So here's a tip: don't get too excited when you read that you very much like (or dislike). Look at lots of polls. Look at the trendlines. And take the long view.
Things are going to get very hot over the next fifteen months: don't get your own self too hot under the collar, will you?
The last few years have seen economic debates conducted around the idea of 'austerity'. Back at the start of this Parliament, some of us warned that we'd never seen anything like the spending cuts we were going to get - that they were going to make living in Britain fundamentally different to what we'd experienced before.
Now the experts tell us that the cuts, while real and large, might be a little smaller as a share of Gross Domestic Product (if anything) than those the Government imposed in the 1980s. They're still massive if we're talkin raw cash, of course - even in real terms, they're larger than anything we've seen in peacetime since the 1920s - but that's partly because the economy's much bigger.
So what explains the difference between rhetoric and macroeconomic 'reality'?
Well, for one thing, the British state is a very different thing to that which carried through massive cuts in the early 1920s and the early 1940s. Military spending, for instance, forms a much, much smaller share of the budget than it used to, and the public sector in the UK has basically become a service and a welfare provider - transfer payments to citizens and the National Health Service being two massive slices of the budget. What that means is that protecting hospitals and schools from the cuts feels very, very harsh elsewhere - particularly in local authority budgets that are falling fast. So the overall austerity can be only a bit harsher than previous bouts since the Second World War, but that 25 per cent quoted in the summer of 2010 can still go through and amount to 'unprecedented' spending restraints in some areas that voters really care about - youth clubs, libraries, or elderly care, for instance.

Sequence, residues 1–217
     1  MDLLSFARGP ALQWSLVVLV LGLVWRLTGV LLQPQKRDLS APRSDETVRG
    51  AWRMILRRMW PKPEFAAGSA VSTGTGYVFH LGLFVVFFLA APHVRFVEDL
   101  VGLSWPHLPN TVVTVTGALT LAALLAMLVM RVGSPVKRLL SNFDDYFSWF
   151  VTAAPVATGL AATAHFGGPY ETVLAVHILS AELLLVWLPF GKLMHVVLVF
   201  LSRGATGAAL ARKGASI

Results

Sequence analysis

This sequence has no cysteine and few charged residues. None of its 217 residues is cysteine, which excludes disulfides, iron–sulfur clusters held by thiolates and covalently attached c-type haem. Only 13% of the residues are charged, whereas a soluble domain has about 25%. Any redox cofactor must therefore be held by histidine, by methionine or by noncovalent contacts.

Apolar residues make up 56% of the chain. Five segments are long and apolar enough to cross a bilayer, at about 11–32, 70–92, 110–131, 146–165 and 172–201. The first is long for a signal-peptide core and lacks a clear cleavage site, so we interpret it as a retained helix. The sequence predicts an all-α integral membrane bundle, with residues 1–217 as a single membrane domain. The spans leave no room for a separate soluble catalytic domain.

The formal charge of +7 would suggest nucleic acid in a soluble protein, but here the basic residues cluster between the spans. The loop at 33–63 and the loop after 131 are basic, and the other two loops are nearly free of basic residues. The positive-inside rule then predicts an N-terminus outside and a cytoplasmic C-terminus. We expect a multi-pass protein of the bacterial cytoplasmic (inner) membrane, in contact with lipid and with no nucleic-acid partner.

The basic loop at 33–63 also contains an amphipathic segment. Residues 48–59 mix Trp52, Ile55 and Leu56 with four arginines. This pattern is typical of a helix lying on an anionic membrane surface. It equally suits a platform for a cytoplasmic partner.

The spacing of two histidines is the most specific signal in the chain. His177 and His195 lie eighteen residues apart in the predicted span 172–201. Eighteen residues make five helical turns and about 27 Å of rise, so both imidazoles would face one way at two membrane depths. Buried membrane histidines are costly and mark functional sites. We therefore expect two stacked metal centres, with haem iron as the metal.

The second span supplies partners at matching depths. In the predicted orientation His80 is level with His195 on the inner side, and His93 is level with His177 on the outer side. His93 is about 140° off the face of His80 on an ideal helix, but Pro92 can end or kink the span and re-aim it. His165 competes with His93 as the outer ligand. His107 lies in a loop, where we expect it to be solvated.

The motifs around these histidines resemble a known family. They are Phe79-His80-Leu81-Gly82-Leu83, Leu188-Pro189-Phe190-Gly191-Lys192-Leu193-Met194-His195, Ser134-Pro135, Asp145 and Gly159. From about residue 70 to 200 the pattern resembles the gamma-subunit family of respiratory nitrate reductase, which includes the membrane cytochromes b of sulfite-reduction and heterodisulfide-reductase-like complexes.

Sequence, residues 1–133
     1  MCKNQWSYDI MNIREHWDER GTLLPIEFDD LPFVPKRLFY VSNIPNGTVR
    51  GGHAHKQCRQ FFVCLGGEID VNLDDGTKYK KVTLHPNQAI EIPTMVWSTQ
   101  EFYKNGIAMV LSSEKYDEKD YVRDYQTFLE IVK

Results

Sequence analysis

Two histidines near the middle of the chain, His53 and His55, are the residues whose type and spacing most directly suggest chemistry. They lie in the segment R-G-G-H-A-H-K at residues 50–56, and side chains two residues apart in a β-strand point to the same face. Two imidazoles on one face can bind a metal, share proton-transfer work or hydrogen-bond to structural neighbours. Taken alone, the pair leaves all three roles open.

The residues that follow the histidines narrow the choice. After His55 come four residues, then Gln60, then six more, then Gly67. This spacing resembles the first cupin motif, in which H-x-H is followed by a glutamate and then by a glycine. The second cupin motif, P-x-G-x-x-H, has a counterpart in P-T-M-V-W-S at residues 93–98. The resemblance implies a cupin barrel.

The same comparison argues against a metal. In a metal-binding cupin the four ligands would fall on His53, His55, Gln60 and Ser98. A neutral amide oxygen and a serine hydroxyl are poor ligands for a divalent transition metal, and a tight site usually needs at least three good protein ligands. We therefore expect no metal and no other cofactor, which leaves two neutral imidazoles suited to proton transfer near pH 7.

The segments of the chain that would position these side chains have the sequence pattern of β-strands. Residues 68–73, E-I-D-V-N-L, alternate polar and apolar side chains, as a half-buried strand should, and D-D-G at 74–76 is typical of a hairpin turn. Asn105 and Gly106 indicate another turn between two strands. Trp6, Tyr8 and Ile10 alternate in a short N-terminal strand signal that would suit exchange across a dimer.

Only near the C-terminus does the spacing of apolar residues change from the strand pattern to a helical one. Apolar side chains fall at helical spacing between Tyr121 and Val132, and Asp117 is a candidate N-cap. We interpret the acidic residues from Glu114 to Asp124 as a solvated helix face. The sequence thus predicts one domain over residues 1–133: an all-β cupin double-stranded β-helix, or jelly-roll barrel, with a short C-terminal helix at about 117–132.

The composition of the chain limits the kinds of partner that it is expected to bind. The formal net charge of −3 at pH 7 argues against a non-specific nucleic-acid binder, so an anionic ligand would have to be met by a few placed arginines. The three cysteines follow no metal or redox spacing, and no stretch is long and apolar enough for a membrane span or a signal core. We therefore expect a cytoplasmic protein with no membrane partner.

In other words, make us virtuous, Lord: but not yet.
So the apparently intemperate language at the start of this Parliament might have been a bit overheated. With hindsight, the protection granted to schools, the NHS and the international aid budget (and, in practice, benefits for elderly Britons) means that the 25 per cent cuts outside those areas look a bit less radical than they did when we look at the picture overall - which isn't to say that they're not hurting, and reshaping the way we live our national life, because they are.
And some of the numbers bandied around in the Treasury were as unrealistic as their opponents' fears. They didn't materialise because they weren't capable of delivery.
Austerity is still there. It's just a bit more of a matter of humdrum grimness and endless greyness than doomsday. Which is not much of an accolade, when you come to think about it.